According to OSHA, it issued a variance in 2016 authorizing the applicant to use reliable control circuitry rather than energy isolation for a specific task after performing a safety review of the complete system and concluding:

(1)    that the alternate device allowed energy control measures to remain under the personal control of the exposed 

(2)    that employees were able to verify "de-energization";

(3)    that authorized employees were easily identified before equipment restart; and  

(4)    that the alternative system could, as a whole, be considered as protective as an energy isolating device, taking into 
        account the potential for component failures and attempts to bypass the system.

In using phrases such as "as protective as," "at least as safe," or "an effective alternative to full lockout," we believe OSHA recognizes this determination must be based on objective criteria tied to risk assessment. Hiring a qualified expert to perform such an assessment for each machine would be prohibitively expensive. OSHA suggests the possibility of determining whether a system can achieve a certain "safety integrity level" under IEC standards or "performance level" under ISO standards and, in effect, is asking what level would reduce the risk to an acceptable level. At the highest levels, the costs can be dramatically higher. How would those levels be assessed if not provided by the manufacturer? What if the manufacturer provides an assessment for the machine prior to integration into a manufacturing line? What if the machine is subsequently modified by the user?

There is also the question of how to address older equipment where employers may currently be relying on safety circuits that do not achieve the "safety integrity level" or "performance level" that OSHA may deem necessary. Would OSHA, depending on the "safety integrity level" or "performance level" achieved, and the history of use of the equipment, consider grandfathering that equipment with or without some phase-in of required retrofitting? If so, to what level? Finally, there needs to be some appropriate mechanism for OSHA to verify and an employer to demonstrate that the control circuitry satisfies the applicable criteria. In issuing the referenced variance, OSHA took approximately two years to determine one control circuit-based system at one site was acceptable for one task.  

OSHA's RFI says the agency is seeking information on how "modernizing the Lockout/Tagout standard might better promote worker safety without additional burdens to employers." Experience teaches the value of considering the potential outgrowth of this initiative. How would your operations be affected if OSHA compliance personnel interpreted the "alternative measures that provide effective protection" requirement of the minor servicing exception to require use of the same reliable control circuits discussed above. If the impact would be significant, OSHA needs to hear about that now rather than later.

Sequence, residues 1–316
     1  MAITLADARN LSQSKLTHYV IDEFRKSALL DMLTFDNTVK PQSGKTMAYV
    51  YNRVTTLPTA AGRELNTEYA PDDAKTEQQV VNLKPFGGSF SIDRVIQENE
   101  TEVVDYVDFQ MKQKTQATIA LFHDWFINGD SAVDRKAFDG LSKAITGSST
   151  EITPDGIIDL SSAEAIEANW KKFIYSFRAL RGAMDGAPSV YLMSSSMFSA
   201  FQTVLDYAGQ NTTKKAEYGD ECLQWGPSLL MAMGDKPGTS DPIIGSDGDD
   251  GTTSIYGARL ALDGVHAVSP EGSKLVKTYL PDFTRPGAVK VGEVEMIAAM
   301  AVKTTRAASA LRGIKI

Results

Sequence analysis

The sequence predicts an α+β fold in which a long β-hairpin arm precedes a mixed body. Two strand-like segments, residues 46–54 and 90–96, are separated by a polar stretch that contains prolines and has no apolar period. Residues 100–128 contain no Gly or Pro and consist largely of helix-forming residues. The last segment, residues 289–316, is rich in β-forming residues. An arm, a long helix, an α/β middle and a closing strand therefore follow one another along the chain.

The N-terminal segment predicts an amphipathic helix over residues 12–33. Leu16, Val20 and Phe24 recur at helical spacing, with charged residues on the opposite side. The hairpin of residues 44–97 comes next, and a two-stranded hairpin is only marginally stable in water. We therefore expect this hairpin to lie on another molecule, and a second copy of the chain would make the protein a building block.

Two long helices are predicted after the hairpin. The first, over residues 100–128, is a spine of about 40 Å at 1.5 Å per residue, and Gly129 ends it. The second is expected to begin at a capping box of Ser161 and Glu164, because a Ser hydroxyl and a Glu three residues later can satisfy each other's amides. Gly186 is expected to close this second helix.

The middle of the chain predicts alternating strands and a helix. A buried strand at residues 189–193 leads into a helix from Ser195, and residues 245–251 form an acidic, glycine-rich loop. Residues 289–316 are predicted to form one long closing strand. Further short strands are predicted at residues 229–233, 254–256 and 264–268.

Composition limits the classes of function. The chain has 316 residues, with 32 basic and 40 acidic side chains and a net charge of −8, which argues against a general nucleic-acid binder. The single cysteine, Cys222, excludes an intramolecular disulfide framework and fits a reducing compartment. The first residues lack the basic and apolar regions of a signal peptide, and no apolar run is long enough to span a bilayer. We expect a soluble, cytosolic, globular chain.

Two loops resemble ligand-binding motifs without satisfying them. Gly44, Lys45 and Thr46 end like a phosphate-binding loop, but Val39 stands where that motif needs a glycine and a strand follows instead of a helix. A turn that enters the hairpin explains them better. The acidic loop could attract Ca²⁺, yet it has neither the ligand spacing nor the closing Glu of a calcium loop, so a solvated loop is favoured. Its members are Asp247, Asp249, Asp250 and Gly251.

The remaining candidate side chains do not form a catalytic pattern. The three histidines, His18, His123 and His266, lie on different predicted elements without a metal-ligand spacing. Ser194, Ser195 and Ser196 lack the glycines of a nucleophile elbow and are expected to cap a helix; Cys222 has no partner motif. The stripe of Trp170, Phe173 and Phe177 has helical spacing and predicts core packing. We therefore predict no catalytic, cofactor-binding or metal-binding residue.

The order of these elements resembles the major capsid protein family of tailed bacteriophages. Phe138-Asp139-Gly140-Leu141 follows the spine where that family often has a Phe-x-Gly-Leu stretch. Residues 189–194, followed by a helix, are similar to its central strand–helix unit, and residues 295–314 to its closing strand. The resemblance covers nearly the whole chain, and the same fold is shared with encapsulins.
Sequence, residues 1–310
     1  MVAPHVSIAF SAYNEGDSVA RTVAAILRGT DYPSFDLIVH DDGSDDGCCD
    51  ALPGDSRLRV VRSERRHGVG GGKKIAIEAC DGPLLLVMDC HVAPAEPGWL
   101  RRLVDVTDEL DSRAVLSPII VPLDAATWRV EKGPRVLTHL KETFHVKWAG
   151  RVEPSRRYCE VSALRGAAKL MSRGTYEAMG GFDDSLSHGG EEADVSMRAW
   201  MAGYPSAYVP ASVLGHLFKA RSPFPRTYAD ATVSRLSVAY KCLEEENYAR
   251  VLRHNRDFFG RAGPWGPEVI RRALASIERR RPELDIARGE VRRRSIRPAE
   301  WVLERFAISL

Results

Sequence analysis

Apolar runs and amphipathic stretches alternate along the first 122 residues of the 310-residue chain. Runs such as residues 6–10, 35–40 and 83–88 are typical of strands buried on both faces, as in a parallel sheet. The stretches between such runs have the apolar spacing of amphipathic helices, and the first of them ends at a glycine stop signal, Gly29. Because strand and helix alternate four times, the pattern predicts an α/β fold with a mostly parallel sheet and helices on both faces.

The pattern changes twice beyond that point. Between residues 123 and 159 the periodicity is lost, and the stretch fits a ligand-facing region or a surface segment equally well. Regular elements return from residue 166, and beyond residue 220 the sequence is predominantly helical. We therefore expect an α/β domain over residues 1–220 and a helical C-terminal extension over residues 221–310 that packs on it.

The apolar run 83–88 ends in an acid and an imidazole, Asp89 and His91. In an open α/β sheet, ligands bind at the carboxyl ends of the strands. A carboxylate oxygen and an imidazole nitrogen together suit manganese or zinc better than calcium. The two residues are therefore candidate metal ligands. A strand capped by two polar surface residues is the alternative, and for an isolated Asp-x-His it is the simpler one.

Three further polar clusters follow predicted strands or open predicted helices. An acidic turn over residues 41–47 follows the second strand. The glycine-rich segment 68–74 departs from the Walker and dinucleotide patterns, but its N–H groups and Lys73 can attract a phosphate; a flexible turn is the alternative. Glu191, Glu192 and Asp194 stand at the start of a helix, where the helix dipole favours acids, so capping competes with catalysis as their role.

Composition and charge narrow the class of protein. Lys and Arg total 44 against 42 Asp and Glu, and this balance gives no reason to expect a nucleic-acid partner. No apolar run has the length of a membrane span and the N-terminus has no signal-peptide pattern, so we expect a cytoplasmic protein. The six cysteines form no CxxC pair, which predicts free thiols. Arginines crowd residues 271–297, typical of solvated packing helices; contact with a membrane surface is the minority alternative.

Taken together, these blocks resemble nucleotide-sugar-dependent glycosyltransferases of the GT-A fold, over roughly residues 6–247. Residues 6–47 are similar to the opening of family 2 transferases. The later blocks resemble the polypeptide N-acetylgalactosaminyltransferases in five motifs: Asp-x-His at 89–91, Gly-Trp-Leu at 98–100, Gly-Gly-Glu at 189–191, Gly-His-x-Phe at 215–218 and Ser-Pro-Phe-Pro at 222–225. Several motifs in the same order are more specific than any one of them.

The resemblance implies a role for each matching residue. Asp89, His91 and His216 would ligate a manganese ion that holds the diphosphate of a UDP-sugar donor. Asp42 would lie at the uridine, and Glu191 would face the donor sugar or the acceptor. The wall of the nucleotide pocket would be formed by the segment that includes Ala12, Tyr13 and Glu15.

We have identified some of the critical issues that employers, in consultation with equipment manufacturers, need to address in response to this RFI. The complexity of these technical, policy and legal issues is far too great to address in the traditional, single-proposal, rulemaking process. By the time the agency issues a formal proposal, it is likely to have already made most of the critical decisions and it is generally extremely difficult to convince the agency to make a major change in direction at that point in the process. We do not believe the current ANSI Z244.1-2016 standard provides the necessary flexibility to employers. The current exception from LOTO for minor servicing activities was added at the 11th hour at the direction of OMB and the current ability to rely on reliable control circuitry to avoid coverage under the LOTO Standard was the result of a rare court decision that rejected OSHA's interpretation of the LOTO Standard. Failure to weigh in on these issues now could result in huge and unnecessary economic costs.

[1] here.

[2] OSHA states the modernization of the LOTO Standard would be accomplished "without additional burdens to employers." However, this assertion appears to be based on the inappropriate assumption that the precedent established by GM Delco decision issued by the US Court of Appeals was erroneous and should be ignored. In Reich v. General Motors Corporation, 89 F.3d 313 (6th Cir. 1996) ("GM Delco"), the court held that the OSHA LOTO Standard does not apply where control circuitry adequately delays and warns the potentially exposed employee about equipment start-up so that start-up would not be "unexpected" and the exposed individual would have adequate time to vacate the zone of danger. Subsequent case law has appropriately extended the holding of GM Delco to exempt servicing and maintenance activities from LOTO where the use of control circuits effectively prevents, rather than simply delaying, machine start-up. This principle has been applied where a control circuit was locked in a shutdown mode that reliably prevented start-up and would logically extend to situations where a reliable control circuit device, such as an interlocked barrier guard,  is blocked open by a body part of the person performing the maintenance and servicing activity.

[3] Reich v. General Motors Corporation, 89 F.3d 313 (6th Cir. 1996) ("GM Delco"), affirming Secretary of Labor v. General Motors Corporation, Delco Chassis Division, OSHRC Docket No. 91-2973 (April 26, 1995). 

[4] here.